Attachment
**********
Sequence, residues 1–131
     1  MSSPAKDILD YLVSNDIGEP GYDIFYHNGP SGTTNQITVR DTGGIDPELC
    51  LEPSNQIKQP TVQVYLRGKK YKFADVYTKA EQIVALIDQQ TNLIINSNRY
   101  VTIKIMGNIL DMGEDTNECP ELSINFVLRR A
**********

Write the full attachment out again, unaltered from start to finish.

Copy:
Sequence, residues 1–131
     1  MSSPAKDILD YLVSNDIGEP GYDIFYHNGP SGTTNQITVR DTGGIDPELC
    51  LEPSNQIKQP TVQVYLRGKK YKFADVYTKA EQIVALIDQQ TNLIINSNRY
   101  VTIKIMGNIL DMGEDTNECP ELSINFVLRR A